October 2017: Journal of Biomolecular NMR
Markus Beck Erlach, Joerg Koehler, Edson Crusca, Claudia E Munte, Masatsune Kainosho, Werner Kremer, Hans Robert Kalbitzer
For evaluating the pressure responses of folded as well as intrinsically unfolded proteins detectable by NMR spectroscopy the availability of data from well-defined model systems is indispensable. In this work we report the pressure dependence of (13)C chemical shifts of the side chain atoms in the protected tetrapeptides Ac-Gly-Gly-Xxx-Ala-NH2 (Xxx, one of the 20 canonical amino acids). Contrary to expectation the chemical shifts of a number of nuclei have a nonlinear dependence on pressure in the range from 0...
October 2017: Journal of Biomolecular NMR
Denis Lacabanne, Alons Lends, Clément Danis, Britta Kunert, Marie-Laure Fogeron, Vlastimil Jirasko, Claire Chuilon, Lauriane Lecoq, Cédric Orelle, Vincent Chaptal, Pierre Falson, Jean-Michel Jault, Beat H Meier, Anja Böckmann
We here adapted the GRecon method used in electron microscopy studies for membrane protein reconstitution to the needs of solid-state NMR sample preparation. We followed in detail the reconstitution of the ABC transporter BmrA by dialysis as a reference, and established optimal reconstitution conditions using the combined sucrose/cyclodextrin/lipid gradient characterizing GRecon. We established conditions under which quantitative reconstitution of active protein at low lipid-to-protein ratios can be obtained, and also how to upscale these conditions in order to produce adequate amounts for NMR...
October 2017: Journal of Biomolecular NMR
Youlin Xia, Paolo Rossi, Marco Tonelli, Chengdong Huang, Charalampos G Kalodimos, Gianluigi Veglia
TROSY-based triple resonance experiments are essential for protein backbone assignment of large biomolecular systems by solution NMR spectroscopy. In a survey of the current Bruker pulse sequence library for TROSY-based experiments we found that several sequences were plagued by artifacts that affect spectral quality and hamper data analysis. Specifically, these experiments produce sidebands in the (13)C(t 1) dimension with inverted phase corresponding to (1)HN resonance frequencies, with approximately 5% intensity of the parent (13)C crosspeaks...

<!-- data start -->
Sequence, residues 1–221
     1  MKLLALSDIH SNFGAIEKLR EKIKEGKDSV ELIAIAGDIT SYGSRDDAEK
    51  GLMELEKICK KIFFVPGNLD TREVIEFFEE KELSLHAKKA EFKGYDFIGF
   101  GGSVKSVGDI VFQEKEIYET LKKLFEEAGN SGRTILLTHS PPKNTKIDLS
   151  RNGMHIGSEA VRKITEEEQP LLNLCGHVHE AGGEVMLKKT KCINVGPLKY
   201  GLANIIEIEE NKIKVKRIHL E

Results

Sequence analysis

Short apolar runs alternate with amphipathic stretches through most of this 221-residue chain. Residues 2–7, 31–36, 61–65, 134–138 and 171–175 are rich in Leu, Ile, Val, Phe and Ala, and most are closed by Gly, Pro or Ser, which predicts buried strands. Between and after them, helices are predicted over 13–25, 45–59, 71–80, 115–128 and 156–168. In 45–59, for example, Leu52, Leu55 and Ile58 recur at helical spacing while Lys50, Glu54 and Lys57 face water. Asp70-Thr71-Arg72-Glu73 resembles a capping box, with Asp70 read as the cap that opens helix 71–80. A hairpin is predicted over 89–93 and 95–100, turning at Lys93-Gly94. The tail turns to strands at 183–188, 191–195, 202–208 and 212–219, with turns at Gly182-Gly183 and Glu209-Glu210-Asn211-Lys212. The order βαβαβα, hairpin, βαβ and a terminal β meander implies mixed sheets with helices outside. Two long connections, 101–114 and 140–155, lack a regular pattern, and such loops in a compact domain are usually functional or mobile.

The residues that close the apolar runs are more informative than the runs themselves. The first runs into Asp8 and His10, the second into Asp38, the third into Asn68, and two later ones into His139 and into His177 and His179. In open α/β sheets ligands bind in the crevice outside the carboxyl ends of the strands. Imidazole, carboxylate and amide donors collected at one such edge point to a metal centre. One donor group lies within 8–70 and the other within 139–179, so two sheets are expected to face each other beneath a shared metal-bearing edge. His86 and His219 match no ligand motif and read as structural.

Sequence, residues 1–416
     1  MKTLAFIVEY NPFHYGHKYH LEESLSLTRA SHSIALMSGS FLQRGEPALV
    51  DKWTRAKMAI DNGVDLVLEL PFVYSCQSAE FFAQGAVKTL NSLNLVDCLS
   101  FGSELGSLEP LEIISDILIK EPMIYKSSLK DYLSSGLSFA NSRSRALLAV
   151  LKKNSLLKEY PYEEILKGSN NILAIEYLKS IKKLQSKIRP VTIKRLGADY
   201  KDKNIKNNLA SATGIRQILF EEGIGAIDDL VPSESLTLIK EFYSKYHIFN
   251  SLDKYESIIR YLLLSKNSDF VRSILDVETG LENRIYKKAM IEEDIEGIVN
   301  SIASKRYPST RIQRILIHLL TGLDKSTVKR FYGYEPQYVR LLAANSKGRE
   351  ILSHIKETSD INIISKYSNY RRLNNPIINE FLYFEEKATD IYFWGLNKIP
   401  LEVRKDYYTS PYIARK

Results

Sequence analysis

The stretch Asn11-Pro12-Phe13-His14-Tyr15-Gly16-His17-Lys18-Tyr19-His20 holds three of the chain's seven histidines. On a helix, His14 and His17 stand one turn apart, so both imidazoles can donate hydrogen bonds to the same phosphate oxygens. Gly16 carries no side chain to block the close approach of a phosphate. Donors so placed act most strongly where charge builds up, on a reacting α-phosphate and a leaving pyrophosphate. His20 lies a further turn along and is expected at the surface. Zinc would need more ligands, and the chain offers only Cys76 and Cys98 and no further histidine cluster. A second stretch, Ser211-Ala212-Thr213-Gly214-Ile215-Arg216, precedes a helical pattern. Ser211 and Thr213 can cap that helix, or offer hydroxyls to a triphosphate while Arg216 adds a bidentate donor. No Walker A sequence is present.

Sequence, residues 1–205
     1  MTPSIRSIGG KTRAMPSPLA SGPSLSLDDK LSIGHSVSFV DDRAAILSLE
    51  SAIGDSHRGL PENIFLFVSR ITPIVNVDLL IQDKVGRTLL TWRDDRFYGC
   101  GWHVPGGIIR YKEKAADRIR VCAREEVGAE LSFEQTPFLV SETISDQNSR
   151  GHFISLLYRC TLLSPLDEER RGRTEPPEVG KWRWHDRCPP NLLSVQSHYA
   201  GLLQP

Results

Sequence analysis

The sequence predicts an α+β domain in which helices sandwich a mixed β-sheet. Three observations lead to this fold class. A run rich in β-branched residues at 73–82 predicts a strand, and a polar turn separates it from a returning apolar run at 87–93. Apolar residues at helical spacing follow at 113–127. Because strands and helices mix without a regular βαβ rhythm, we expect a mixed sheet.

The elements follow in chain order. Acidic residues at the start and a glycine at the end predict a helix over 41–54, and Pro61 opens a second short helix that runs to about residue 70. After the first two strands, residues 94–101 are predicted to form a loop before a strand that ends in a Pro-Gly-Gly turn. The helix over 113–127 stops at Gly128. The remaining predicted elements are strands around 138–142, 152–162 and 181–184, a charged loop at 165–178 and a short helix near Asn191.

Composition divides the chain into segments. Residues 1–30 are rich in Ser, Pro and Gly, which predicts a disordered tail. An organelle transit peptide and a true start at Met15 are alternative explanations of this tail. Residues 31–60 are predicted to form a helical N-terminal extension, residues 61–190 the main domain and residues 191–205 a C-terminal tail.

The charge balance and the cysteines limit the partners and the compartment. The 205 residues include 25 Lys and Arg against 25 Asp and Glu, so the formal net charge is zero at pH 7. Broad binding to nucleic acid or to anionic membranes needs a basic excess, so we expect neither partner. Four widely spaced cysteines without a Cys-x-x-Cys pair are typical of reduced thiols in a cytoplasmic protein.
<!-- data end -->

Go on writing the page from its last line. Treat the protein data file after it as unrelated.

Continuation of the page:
September 2017: Journal of Biomolecular NMR
Robbin Schnieders, Christian Richter, Sven Warhaut, Vanessa de Jesus, Sara Keyhani, Elke Duchardt-Ferner, Heiko Keller, Jens Wöhnert, Lars T Kuhn, Alexander L Breeze, Wolfgang Bermel, Harald Schwalbe, Boris Fürtig
Recently, (15)N-detected multidimensional NMR experiments have been introduced for the investigation of proteins. Utilization of the slow transverse relaxation of nitrogen nuclei in a (15)N-TROSY experiment allowed recording of high quality spectra for high molecular weight proteins, even in the absence of deuteration. Here, we demonstrate the applicability of three (15)N-detected H-N correlation experiments (TROSY, BEST-TROSY and HSQC) to RNA. With the newly established (15)N-detected BEST-TROSY experiment, which proves to be the most sensitive (15)N-detected H-N correlation experiment, spectra for five RNA molecules ranging in size from 5 to 100 kDa were recorded...
September 2017: Journal of Biomolecular NMR
Maxim Mayzel, Alexandra Ahlner, Patrik Lundström, Vladislav Y Orekhov
Peak overlap in crowded regions of two-dimensional spectra prevents characterization of dynamics for many sites of interest in globular and intrinsically disordered proteins. We present new three-dimensional pulse sequences for measurement of Carr-Purcell-Meiboom-Gill relaxation dispersions at backbone nitrogen and carbonyl positions. To alleviate increase in the measurement time associated with the additional spectral dimension, we use non-uniform sampling in combination with two distinct methods of spectrum reconstruction: compressed sensing and co-processing with multi-dimensional decomposition...
September 2017: Journal of Biomolecular NMR
Julia Schörghuber, Leonhard Geist, Marilena Bisaccia, Frederik Weber, Robert Konrat, Roman J Lichtenecker
The application of metabolic precursors for selective stable isotope labeling of aromatic residues in cell-based protein overexpression has already resulted in numerous NMR probes to study the structural and dynamic characteristics of proteins. With anthranilic acid, we present the structurally simplest precursor for exclusive tryptophan side chain labeling. A synthetic route to (13)C, (2)H isotopologues allows the installation of isolated (13)C-(1)H spin systems in the indole ring of tryptophan, representing a versatile tool to investigate side chain motion using relaxation-based experiments without the loss of magnetization due to strong (1)JCC and weaker (2)JCH scalar couplings, as well as dipolar interactions with remote hydrogens...
September 2017: Journal of Biomolecular NMR